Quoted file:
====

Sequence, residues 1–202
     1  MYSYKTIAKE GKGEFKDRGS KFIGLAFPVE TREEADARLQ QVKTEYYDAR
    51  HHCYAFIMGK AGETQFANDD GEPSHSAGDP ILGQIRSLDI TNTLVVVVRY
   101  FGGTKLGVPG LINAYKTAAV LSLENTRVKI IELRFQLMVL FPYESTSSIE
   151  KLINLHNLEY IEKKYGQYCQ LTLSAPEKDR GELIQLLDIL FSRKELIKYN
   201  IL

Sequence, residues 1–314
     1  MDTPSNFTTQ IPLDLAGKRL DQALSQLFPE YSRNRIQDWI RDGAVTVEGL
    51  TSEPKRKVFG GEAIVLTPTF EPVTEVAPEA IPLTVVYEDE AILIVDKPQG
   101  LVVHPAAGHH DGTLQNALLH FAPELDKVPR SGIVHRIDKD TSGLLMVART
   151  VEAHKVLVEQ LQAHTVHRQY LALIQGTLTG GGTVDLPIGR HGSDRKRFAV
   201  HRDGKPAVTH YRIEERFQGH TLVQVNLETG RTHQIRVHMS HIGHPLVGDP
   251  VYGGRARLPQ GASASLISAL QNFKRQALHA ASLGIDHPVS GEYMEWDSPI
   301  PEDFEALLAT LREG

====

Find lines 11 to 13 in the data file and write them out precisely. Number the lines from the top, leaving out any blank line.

   151  VEAHKVLVEQ LQAHTVHRQY LALIQGTLTG GGTVDLPIGR HGSDRKRFAV
   201  HRDGKPAVTH YRIEERFQGH TLVQVNLETG RTHQIRVHMS HIGHPLVGDP
   251  VYGGRARLPQ GASASLISAL QNFKRQALHA ASLGIDHPVS GEYMEWDSPI